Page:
Dr. Reviel Netz of Stanford, a renowned Archimedes scholar, recently announced the discovery of an ancient text once thought to be lost — Archimedes' Stomachion. Historians and mathematicians once dismissed Stomachion as a minor work, but the newly-discovered fragment of its text suggests that it founded the branch of mathematics known as combinatorics. Combinatorics is concerned with finding "how many ways a given problem can be solved," in the words of an article in today's New York Times ("In Archimedes' Puzzle, a New Eureka Moment").
I would like to comment briefly on one post in ATAC's weblog, "Face Recognition and False Positives." This post raises the point of "a classic security mistake: ignoring the false positive problem." I addressed this issue in "Static Measurements & Moving Targets," my law-school thesis paper on biometrics and privacy in the context of consumer banking. In that paper, I looked at the problem from a perspective opposite Ed's. He describes facial recognition in an identification application, where its goals are substantially different from what its goals would be in an authentication application.
The designer of an application that flags passers-by as registered sex offenders has an incentive to overinclude suspects for security reasons — that is, to err on the side of false positives. The designer of an ATM authentication application, on the other hand, has the opposite incentive — to err on the side of false negatives, to prevent fraud. The point is that false positives are not solely a privacy issue: they also represent a security risk, depending on the context.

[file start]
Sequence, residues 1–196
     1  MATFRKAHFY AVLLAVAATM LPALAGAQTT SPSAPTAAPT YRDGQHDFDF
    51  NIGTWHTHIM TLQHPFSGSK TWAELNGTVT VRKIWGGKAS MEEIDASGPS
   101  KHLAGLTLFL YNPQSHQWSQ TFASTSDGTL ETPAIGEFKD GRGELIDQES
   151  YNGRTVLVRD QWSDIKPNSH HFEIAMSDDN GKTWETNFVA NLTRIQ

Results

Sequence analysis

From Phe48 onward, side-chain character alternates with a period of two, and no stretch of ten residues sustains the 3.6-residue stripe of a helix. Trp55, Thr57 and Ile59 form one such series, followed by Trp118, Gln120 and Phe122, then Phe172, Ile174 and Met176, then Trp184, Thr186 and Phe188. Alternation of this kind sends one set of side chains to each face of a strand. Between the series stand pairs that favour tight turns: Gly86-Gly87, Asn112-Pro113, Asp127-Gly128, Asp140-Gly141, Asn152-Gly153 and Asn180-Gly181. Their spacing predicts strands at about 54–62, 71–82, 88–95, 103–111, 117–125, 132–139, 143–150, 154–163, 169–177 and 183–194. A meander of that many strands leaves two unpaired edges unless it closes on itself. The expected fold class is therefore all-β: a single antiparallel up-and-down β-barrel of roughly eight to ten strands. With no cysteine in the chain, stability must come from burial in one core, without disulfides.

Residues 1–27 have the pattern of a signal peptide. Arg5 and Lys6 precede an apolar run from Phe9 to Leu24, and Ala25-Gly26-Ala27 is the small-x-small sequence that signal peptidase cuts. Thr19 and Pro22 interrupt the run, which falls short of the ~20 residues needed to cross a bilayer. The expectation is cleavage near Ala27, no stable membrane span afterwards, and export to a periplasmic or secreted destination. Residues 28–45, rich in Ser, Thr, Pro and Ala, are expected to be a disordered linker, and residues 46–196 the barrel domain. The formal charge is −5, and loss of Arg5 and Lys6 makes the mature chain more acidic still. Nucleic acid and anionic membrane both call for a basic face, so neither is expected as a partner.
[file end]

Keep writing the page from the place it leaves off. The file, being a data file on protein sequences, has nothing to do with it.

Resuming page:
That said, I do agree with Ed's basic point, as I wrote back in October ("Terrified of Terror Profiling?"). I supported the point there with links to articles by computer security expert Bruce Schneier and mathematician John Allen Paulos.
Robert Cringely has released part 2 of his column on e-voting. His analysis of e-voting problems from an IT project management perspective is refreshing; it is a perspective that has been sorely lacking in the debate thus far. Links: part 1 and part 2.